Heidi Doerhoff Vollet, Esquire
Amusement park owes patrons riding roller coasters and similar rides the highest degree of care. Contributory negligence only applies in an amusement park ride situation if there is evidence that the patron’s failure to follow instructions was negligent or unreasonable. Chavez v. Cedar Fair, LP, Case No. 75373 (Mo. App. W.D., July 16, 2013), Ellis, J.
Plaintiff was injured when she collided with another rider on an amusement park ride. The jury found in favor of plaintiff on her claims that Defendant was negligent in the operation of the ride.
On appeal, Defendant contends that (1) the trial court erred in instructing the jury that Defendant was required to use the highest degree of care rather than ordinary care; (2) the trial court erred in not instructing the jury on comparative fault because there was evidence Plaintiff had let go of the straps during the ride; (3) the trial court erred in excluding evidence of how many others had ridden the ride without accident; and (4) Plaintiffs’ expert’s testimony should not have been admitted.
Held: Affirmed. The standard of care for an amusement park depends on the type of amusement offered. An amusement park operator owes the highest degree of care to a patron when the claim is negligent operation of a ride. Operators who offer this type of ride are similar to common carriers in that they are in control of the ride apparatus and equipment.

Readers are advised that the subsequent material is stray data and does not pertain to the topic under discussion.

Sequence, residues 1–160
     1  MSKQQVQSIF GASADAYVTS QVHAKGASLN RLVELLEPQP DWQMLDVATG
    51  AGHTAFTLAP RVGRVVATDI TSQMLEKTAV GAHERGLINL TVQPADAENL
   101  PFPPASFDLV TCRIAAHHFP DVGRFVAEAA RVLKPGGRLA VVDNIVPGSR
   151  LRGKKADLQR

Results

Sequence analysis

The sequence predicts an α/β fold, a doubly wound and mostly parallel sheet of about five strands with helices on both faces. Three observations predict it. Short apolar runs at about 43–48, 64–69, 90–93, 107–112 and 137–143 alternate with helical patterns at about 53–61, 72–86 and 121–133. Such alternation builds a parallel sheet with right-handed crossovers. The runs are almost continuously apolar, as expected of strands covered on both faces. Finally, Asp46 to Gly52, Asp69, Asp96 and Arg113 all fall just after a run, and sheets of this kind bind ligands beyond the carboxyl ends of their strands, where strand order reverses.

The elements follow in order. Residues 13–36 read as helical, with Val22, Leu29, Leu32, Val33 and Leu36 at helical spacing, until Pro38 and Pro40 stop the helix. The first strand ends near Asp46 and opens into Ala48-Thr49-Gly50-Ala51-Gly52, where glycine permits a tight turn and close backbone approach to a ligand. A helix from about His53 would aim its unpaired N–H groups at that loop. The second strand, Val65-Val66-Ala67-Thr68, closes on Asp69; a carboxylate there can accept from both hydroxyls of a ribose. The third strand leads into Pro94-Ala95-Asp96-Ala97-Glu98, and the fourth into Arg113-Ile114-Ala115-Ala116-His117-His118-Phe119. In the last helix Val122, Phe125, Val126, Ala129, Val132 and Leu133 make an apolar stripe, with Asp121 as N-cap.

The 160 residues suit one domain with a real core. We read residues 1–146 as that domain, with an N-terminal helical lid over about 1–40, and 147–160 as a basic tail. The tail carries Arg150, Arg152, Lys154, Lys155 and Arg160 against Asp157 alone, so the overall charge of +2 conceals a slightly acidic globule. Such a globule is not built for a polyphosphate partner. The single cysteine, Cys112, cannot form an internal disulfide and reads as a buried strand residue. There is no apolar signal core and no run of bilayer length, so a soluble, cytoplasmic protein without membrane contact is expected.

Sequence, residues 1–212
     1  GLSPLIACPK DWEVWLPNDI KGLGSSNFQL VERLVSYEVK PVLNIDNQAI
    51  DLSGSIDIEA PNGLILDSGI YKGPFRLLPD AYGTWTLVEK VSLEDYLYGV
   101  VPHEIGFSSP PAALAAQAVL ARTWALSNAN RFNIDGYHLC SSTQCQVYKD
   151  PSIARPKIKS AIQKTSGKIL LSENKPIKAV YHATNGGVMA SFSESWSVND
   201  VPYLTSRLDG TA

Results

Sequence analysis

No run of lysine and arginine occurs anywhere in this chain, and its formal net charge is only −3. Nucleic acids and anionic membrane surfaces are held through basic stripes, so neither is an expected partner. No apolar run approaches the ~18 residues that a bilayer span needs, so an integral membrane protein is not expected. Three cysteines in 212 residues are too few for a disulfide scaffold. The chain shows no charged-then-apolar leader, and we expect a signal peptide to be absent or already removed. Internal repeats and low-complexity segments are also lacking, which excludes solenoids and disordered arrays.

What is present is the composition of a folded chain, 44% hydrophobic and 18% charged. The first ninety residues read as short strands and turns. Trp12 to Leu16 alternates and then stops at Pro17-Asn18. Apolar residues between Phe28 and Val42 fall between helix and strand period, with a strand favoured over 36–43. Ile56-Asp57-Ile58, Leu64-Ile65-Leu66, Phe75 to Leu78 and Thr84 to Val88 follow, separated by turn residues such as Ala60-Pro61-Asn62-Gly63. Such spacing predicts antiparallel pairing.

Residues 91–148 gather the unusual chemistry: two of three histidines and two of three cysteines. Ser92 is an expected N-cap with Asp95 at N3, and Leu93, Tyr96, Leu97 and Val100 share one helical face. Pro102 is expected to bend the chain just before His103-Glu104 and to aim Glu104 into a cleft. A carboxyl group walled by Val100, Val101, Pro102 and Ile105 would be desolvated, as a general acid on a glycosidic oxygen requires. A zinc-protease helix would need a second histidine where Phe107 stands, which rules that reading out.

The trial court did not err in refusing to instruct on comparative negligence. Even if Plaintiff let go of the straps, there is no evidence that she did so negligently or unreasonably, which would be required to show that she was partially at fault. There was no offer of proof as to the ridership evidence that Defendant wanted to introduce. Any deficiencies in Plaintiff’s expert’s testimony went to the weight, not the admissibility, of the testimony.
Seller of firearms is not liable for injuries caused by a purchaser, even though the purchaser used a stolen credit card. The fact that the purchase falls within one of the preemption exceptions of the federal Commerce in Arms Act does not create a new cause of action. Plaintiffs must still identify a negligence theory recognized by Missouri law. Noble et al. v. Shawnee Gun Shop, Inc., No. 75536 and 75537 (Mo. App. W.D., July 16, 2013), Ahuja, J.
Plaintiffs in two suits alleged that the Defendant, a retail store, negligently sold firearms to an individual who later shot and killed two people at a different location. The Plaintiffs alleged that the fact that the purchaser used a stolen credit card should have alerted Defendants to the fact that his purchase of firearms presented a risk of serious injury.
The circuit court sustained motions to dismiss both cases, finding that the petitions failed to state a claim for which relief could be granted. These claims fall within the federal Commerce in Arms Act, which bars lawsuits against the manufacturers or sellers of firearms except in limited circumstances.
Plaintiffs argue that this case falls within the negligent entrustment exception to the Act. That provision applies when the seller knows, or reasonably should know, that the buyer is likely to use the firearm in a manner that constitutes an “unreasonable risk of physical injury,” and the buyer actually does so.
Plaintiffs also argue that Defendant is liable based on a theory of “general negligence,” similar to the liability imposed on sellers of liquor under the dram shop statute.